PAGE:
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Outer Planets

Jupiter. Saturn. Uranus. Neptune. Each of these giant planets is the center of its own miniature solar system. Each is spectacularly beautiful and scientifically fascinating, which are reasons enough to explore them. But by studying the giant planets and their rings and moons, we can also learn about the forces that operated during the formation of our own solar system, as well as the origins of the hundreds of new extrasolar planetary systems that we discover every year.

And their moons are worlds in their own right. There are at least 16 outer planetary moons that would be called dwarf planets if they orbited the Sun rather than a planet. Two (Jupiter's Ganymede and Saturn's Titan) are larger than the planet Mercury, and one (Triton) is probably a captured Kuiper belt object.

But it is challenging and expensive to explore the outer planets, and missions to the outer planets take a very long time to develop, fly, and operate. Cassini will be orbiting Saturn until 2017, and Juno will operate at Jupiter from 2016 to 2017. After that, it's not clear if anyone will be sending a followup mission to Saturn or Jupiter or its moons, or an orbiter to survey the Uranus or Neptune systems. And there is a critical shortage of the isotope of plutonium that is needed to generate power for outer planetary missions.

Timeline of Juno Jupiter Orbit Insertion events

Posted by Emily Lakdawalla on 2016/06/16 02:55 CDT

Today NASA held a press briefing and released a press kit for the impending orbit insertion of the Juno spacecraft. The 35-minute orbit insertion burn is scheduled to begin July 5 at 03:18 UTC (July 4 20:18, PDT). Here's a timeline for events relating to orbit insertion.

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What to expect from JunoCam at Jupiter

Posted by Emily Lakdawalla on 2016/06/09 09:37 CDT | 15 comments

Juno will go in to orbit at Jupiter on July 5 (July 4 in North and South American time zones), and it's carrying a camera that's going to take really awesome photos of Jupiter. But you're going to have to be patient. Emily Lakdawalla explains why.

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Whither the Weather? A Jet Stream Explainer

Posted by Anna Scott on 2016/06/07 11:01 CDT | 4 comments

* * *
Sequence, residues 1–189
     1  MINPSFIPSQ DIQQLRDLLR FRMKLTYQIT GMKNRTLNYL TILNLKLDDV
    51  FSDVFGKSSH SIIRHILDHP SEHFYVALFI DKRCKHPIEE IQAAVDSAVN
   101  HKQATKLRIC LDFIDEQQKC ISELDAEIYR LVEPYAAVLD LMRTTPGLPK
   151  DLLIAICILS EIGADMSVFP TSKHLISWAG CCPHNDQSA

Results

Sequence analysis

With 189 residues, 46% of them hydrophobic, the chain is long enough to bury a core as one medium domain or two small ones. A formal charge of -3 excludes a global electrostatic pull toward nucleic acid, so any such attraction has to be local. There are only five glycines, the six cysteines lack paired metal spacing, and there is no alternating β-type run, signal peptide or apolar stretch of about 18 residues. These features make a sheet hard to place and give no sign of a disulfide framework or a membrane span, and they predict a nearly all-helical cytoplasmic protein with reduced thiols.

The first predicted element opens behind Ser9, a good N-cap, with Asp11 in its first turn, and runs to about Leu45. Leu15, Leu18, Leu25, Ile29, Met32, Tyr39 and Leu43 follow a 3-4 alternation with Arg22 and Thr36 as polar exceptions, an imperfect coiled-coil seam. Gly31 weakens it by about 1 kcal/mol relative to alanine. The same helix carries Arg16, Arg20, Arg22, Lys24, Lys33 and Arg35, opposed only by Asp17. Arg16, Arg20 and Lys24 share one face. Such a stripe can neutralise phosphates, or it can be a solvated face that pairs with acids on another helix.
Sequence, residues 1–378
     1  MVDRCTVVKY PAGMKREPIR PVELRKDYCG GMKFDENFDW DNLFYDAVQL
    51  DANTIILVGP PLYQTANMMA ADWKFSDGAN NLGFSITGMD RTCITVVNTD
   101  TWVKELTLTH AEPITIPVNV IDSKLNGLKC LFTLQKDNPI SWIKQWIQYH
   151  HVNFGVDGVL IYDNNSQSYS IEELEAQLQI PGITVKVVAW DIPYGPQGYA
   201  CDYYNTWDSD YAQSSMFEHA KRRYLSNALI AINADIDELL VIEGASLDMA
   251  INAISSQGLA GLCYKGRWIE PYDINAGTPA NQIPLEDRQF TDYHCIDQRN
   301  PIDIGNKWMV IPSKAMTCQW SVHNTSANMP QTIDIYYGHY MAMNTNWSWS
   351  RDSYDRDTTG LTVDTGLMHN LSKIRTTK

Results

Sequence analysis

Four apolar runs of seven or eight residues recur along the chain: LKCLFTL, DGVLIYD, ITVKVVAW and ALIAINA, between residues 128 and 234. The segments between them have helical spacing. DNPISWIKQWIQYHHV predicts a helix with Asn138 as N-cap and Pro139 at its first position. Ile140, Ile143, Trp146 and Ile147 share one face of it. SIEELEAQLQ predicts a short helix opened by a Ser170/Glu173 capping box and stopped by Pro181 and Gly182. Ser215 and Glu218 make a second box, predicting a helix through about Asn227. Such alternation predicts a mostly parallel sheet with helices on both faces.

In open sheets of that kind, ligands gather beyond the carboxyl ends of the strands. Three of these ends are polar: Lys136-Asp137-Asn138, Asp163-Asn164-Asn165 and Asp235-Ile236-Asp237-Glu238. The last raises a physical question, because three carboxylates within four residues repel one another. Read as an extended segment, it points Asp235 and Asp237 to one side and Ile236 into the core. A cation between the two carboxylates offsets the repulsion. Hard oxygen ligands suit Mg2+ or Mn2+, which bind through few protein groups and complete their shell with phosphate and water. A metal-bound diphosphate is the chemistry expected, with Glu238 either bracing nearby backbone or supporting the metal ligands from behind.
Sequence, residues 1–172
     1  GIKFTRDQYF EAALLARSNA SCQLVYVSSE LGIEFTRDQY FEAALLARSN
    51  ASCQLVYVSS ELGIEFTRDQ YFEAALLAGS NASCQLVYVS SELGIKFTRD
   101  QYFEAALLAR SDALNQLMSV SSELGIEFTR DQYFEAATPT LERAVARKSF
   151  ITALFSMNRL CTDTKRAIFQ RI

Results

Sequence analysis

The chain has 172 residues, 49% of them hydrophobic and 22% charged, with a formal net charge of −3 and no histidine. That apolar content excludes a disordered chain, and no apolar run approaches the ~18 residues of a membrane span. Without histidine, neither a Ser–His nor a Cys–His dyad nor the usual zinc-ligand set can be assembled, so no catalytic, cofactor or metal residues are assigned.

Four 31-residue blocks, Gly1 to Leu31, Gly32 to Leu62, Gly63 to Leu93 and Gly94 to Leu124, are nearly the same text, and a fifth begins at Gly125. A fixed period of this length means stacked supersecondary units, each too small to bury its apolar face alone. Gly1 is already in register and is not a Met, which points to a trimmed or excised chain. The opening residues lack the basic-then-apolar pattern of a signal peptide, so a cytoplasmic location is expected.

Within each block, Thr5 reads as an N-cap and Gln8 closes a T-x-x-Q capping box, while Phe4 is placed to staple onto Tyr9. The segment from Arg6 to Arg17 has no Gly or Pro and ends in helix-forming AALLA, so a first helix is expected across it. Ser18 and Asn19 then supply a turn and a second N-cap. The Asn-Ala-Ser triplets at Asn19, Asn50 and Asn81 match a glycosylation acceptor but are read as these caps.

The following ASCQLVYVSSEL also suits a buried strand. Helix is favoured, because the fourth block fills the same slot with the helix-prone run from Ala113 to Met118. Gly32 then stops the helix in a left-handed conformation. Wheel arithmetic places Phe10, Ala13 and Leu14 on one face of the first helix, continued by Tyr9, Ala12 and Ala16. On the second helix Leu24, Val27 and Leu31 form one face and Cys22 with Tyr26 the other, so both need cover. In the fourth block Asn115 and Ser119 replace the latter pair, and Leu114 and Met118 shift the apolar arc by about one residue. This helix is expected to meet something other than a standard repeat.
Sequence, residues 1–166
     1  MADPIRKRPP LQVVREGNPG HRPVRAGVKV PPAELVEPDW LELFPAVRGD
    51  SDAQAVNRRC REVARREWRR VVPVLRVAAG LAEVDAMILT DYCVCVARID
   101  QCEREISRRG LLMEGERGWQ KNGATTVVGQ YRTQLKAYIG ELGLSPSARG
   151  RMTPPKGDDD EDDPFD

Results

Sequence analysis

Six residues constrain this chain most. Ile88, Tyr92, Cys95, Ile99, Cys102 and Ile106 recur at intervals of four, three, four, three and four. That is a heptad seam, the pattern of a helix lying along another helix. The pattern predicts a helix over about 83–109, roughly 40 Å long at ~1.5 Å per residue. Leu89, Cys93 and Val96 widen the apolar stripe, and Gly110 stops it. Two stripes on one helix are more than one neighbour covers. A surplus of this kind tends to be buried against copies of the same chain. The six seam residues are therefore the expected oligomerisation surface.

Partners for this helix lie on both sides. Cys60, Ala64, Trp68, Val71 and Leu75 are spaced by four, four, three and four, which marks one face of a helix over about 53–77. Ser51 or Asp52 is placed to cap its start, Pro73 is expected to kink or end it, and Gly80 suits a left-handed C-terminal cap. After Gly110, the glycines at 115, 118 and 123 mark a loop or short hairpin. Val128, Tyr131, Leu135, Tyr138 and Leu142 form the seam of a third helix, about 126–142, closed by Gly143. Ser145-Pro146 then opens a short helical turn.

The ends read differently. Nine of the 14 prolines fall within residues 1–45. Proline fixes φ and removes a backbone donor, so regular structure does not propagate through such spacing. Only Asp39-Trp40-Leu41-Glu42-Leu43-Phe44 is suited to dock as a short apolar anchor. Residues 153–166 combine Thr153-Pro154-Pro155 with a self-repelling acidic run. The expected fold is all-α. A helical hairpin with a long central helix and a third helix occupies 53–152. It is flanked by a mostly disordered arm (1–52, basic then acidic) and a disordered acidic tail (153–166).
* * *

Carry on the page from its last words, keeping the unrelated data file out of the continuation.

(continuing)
Jet streams are found in planetary atmospheres throughout our solar system. But what exactly are they?

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Three bright planets: Portraits from the Pyrenees

Posted by Emily Lakdawalla on 2016/05/26 02:40 CDT | 1 comment

It's a great time to go outdoors and look at planets. I have three glorious planetary portraits to share today, sent to me by amateur astronomer Jean-Luc Dauvergne.

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New work with 35-year-old data: Voyagers at Ganymede and Saturn

Posted by Emily Lakdawalla on 2016/05/25 04:44 CDT | 8 comments

The Voyager data set is a gift to Earth that keeps on giving. This week, I've seen three great new images processed from this old data set.

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The what-o-sphere? An explainer

Posted by Anna Scott on 2016/05/05 08:04 CDT | 3 comments

Why do we need to slice up atmospheres into classifications like the troposphere, stratosphere, mesosphere, and thermosphere?

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Atmospheric Waves Awareness: An Explainer

Posted by Anna Scott on 2016/04/20 10:30 CDT | 4 comments

There are two types of atmospheric waves that are critically important on Earth and other planets: gravity waves and planetary waves.

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Fog Detection from the Surface of Titan: New Findings From Old Data

Posted by Brittney Cooper and Christina Smith and John Moores on 2016/04/07 08:02 CDT | 4 comments

Huygens may have landed on Titan over a decade ago, but a group of researchers from York University were able to make a new and unexpected discovery with this older dataset.

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LPSC 2016: Icy Satellite Science

Posted by Jessica Noviello on 2016/04/05 08:01 CDT

This year’s Lunar and Planetary Science Conference devoted two oral presentation sessions to questions related to icy satellites in our solar system. Jessica Noviello reports back from the conference.

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Clouds and haze and dust, oh my!

Posted by Sarah Hörst on 2016/03/24 11:16 CDT | 3 comments

What types of aerosols do we find in the atmospheres around the Solar System, and why does what we call them—clouds vs. haze vs. dust—matter? Sarah Hörst explains.

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